In the last three presidential year primaries, Democrats got 57,000 votes in 2012, 43,000 in 2008 and 40,000 in 2004. This year, it was less than 20,000. Not that primary election numbers translate into much in the fall. In 2006, Democrats actually got more votes than Republicans in the primary, even without any contested races on the ballot, but didn’t pick up a single statewide office in the fall, their only win being the re-election of Roger Johnson as Agriculture commissioner.

So, what happened to all the Democrats this year? Go back and read the first paragraph of this section.

BUT:

Democrats did not win the election for Doug Burgum. They just made the margin bigger. Burgum worked harder and spent more money. Stenehjem may have been a little lackadaisical. He may also have some medical issues he’s not talking about. He came off as old and lethargic on TV, as opposed to the natural Energizer Bunny personality of Burgum.

A good closer wins games

And then, like any good baseball team, Team Burgum brought in a powerful closer, the best closer in North Dakota, Ed Schafer, the only public figure who actually has even more energy than Doug Burgum.

Bottom line is this: Burgum won by 20 percent. I think the combination of Democrats voting in the Republican column and Schafer’s endorsement on TV accounted for half of that difference. Take away those two things, taking away 10 percent from Burgum and giving it to Stenehjem, and you have a dead heat.

Anti-establishment

Still, Stenehjem should not have even been in a dead heat. My wife hit upon the real reason for Burgum’s win — he picked up on the Donald Trump theme of throwing out the establishment. And it worked. Like it or not, there’s a mood out there, even in the Democratic Party. Bernie Sanders used it as well, although Sanders did not have an Ed Schafer to close his campaign. So the guy who’s never been a politician turned out to be the best politician.

Lawyers should stick to lawyering

And so, like so the two attorneys general who preceded him, Wayne Stenehjem has failed in his attempt to make the walk across the Great Hall to the governor’s office. Nick Spaeth tried it in 1992. Heidi Heitkamp in 2000. I wrote here last fall that North Dakotans just don’t like lawyers as their governors, and if anyone wants to know why a whole bunch of Democrats voted in the Republican column for Doug Burgum, read that blog — there are indeed a lot of people upset with some of the things he’s done as attorney general. They weren’t really voting for Doug Burgum — they were voting against Wayne Stenehjem.

Harms’ revenge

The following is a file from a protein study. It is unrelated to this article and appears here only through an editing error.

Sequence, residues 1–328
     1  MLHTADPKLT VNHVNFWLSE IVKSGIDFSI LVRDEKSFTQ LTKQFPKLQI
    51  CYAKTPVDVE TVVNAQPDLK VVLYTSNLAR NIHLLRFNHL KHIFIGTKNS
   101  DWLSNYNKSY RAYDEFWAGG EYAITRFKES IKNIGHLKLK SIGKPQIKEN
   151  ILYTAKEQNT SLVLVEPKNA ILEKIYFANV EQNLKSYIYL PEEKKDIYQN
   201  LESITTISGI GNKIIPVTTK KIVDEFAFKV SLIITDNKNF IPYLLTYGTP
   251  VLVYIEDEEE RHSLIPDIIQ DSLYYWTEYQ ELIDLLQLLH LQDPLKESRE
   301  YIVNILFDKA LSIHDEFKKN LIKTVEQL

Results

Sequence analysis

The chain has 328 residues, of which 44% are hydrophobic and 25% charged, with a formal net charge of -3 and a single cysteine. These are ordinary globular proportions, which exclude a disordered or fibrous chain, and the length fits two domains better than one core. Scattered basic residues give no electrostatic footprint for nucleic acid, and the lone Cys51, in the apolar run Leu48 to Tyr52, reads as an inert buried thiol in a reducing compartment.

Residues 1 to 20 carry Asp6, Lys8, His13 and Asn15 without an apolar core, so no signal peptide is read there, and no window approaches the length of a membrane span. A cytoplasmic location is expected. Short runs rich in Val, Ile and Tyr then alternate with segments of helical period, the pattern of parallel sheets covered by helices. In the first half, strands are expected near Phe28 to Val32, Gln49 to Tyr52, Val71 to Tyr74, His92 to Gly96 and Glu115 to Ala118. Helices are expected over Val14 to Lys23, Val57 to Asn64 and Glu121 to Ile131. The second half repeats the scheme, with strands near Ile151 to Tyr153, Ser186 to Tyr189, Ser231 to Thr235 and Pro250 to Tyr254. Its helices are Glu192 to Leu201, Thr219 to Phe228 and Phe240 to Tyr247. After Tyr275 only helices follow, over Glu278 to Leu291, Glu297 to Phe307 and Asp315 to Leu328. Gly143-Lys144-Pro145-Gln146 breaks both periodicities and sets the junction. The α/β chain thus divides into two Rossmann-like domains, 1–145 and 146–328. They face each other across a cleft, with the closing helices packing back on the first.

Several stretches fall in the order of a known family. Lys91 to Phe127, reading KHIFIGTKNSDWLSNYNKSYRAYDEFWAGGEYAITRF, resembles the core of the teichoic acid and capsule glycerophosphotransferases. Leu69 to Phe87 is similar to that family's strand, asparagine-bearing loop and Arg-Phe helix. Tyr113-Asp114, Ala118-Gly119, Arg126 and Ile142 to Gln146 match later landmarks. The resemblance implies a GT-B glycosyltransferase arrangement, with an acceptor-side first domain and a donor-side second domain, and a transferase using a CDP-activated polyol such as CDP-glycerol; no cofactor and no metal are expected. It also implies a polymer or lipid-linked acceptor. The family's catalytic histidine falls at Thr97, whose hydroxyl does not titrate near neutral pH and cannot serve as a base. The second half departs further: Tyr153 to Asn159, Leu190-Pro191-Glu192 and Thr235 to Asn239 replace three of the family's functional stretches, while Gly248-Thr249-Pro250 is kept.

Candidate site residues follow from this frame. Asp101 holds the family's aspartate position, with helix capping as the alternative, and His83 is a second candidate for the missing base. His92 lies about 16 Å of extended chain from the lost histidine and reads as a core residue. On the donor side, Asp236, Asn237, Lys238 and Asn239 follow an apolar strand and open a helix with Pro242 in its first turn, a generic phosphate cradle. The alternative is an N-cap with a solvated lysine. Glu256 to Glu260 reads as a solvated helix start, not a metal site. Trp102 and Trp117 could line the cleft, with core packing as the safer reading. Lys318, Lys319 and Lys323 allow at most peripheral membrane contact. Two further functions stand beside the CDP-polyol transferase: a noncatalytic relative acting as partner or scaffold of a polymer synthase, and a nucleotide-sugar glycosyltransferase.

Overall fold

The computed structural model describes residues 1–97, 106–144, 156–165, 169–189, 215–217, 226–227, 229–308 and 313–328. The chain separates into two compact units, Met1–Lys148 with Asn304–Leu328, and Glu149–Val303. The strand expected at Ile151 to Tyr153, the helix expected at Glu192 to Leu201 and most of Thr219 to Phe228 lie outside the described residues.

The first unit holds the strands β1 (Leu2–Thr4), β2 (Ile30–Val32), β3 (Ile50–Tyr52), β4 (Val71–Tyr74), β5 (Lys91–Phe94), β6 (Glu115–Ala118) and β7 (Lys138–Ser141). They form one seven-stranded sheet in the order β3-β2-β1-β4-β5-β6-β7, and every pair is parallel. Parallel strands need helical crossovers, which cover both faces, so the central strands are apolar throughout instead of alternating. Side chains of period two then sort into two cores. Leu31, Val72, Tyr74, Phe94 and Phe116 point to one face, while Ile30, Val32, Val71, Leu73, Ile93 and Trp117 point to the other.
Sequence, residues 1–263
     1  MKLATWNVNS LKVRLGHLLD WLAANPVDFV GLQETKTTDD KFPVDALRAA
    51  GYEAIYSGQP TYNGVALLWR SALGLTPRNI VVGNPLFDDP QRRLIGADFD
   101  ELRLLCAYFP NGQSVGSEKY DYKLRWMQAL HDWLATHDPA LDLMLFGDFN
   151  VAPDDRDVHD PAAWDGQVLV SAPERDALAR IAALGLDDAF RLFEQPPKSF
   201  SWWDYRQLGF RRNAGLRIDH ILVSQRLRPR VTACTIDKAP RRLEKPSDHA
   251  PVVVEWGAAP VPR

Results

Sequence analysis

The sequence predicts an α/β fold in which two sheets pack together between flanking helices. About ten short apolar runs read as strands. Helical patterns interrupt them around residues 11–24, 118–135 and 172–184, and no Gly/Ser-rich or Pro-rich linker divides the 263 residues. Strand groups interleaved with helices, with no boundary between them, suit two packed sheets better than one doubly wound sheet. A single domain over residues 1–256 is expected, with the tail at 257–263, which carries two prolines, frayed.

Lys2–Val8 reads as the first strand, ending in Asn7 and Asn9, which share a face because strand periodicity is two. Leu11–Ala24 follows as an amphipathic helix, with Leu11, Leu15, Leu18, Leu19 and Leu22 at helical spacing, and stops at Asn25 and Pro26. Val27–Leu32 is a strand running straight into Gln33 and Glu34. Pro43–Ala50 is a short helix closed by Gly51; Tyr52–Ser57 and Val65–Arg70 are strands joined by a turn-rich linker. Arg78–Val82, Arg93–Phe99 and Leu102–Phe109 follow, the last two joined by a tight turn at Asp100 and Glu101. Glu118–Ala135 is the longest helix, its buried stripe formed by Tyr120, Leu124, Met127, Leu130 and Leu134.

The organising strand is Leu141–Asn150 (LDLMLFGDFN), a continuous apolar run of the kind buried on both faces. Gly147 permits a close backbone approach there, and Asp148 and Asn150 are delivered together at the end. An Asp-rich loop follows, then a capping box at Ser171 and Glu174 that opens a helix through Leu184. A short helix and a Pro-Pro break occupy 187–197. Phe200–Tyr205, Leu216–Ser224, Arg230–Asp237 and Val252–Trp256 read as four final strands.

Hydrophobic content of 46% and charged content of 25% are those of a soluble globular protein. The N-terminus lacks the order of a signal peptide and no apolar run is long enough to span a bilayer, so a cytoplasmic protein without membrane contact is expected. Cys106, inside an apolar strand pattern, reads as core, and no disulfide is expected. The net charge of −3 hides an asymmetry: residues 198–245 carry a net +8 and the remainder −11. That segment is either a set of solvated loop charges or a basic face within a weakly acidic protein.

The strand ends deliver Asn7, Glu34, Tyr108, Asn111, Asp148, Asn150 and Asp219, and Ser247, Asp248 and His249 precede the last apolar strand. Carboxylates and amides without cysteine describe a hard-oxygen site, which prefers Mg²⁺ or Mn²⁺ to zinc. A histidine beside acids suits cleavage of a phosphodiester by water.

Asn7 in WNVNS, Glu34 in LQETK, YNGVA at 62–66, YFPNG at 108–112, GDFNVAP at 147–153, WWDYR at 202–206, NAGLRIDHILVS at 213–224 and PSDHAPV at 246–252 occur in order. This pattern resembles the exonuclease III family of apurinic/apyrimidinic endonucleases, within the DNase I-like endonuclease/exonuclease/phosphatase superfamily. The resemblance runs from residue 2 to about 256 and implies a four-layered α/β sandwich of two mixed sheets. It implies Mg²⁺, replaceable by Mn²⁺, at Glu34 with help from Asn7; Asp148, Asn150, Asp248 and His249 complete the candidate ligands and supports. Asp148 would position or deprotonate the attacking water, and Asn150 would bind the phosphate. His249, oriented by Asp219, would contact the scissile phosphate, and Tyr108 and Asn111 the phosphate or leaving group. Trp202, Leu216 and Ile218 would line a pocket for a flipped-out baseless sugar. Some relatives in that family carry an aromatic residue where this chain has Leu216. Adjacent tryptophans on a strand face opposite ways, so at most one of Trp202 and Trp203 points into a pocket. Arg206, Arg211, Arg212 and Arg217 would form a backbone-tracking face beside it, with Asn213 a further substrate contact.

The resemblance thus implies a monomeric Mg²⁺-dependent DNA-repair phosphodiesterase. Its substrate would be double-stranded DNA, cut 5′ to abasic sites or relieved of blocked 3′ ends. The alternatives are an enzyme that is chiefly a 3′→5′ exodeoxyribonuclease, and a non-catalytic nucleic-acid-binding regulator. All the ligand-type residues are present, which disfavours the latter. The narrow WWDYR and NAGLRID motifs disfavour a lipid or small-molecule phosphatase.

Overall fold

Credit also Robert Harms. From what I could tell, Harms was Burgum’s key political adviser. He brought a lot of savvy to the race, having served as Schafer’s consigliere for eight years, and the two of them, along with Kevin Cramer, built a political machine much like the Democrats had for most of 30 years before they came along. Harms got unceremoniously bounced from his job as state Republican Party chairman last year. This was sweet revenge.

Chaos

What’s clear right now is there is chaos in the North Dakota Republican Party. A lot of lines were crossed in this campaign that haven’t been crossed before. Burgum was openly critical of the entire party leadership and its elected officials, both the legislative and executive branches. It was what he had to do to win. The party retaliated, even to the point of running ads on the radio paid for by the party itself, featuring the party chairman, Kelly Armstrong. That’s probably unprecedented — the Party running ads against one of its own, especially one who has given tens of thousands of dollars to that party. There’s gonna be some hard healing to do.

Another WTF?

One of the things that made me giggle a bit is the fact that all those Republican voters decided to support keeping North Dakota’s anti-corporation farm laws intact. What’s up with that?

Wayne’s Future

I pointed out the other day that now that Burgum is the nominee for governor, Stenehjem is still attorney general, and they’ll have to serve together. Burgum said some pretty mean stuff about Stenehjem — as mean as I’ve seen in a North Dakota campaign. And now, they have to work together. Don’t be surprised if Stenehjem finds himself a friendly Republican law firm and puts an end to his 40-year career in government, rather than have to work with the man who discredited him to the tune of a couple million dollars of negative television.

Final advice

We never will know how much Burgum’s win cost him, but even $2 million or $3 million is still pocket change for him. What we learned this week is that when Doug Burgum sets out to do something, get out of his way. He’s going to do it. He has the smarts, the skills, the drive and energy and the money to get stuff done.  Never bet against Doug Burgum. And never, ever, bet against Ed Schafer. I’m kind of eager to see what role Ed Schafer plays from here on out, and what the two of them get done.